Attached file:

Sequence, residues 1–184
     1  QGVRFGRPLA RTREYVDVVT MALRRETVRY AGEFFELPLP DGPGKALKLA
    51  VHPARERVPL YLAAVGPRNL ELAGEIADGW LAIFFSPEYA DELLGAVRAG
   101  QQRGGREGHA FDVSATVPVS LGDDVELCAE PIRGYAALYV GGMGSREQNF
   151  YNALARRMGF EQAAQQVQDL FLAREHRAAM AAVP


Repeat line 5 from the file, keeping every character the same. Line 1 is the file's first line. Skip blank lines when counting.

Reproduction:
   151  YNALARRMGF EQAAQQVQDL FLAREHRAAM AAVP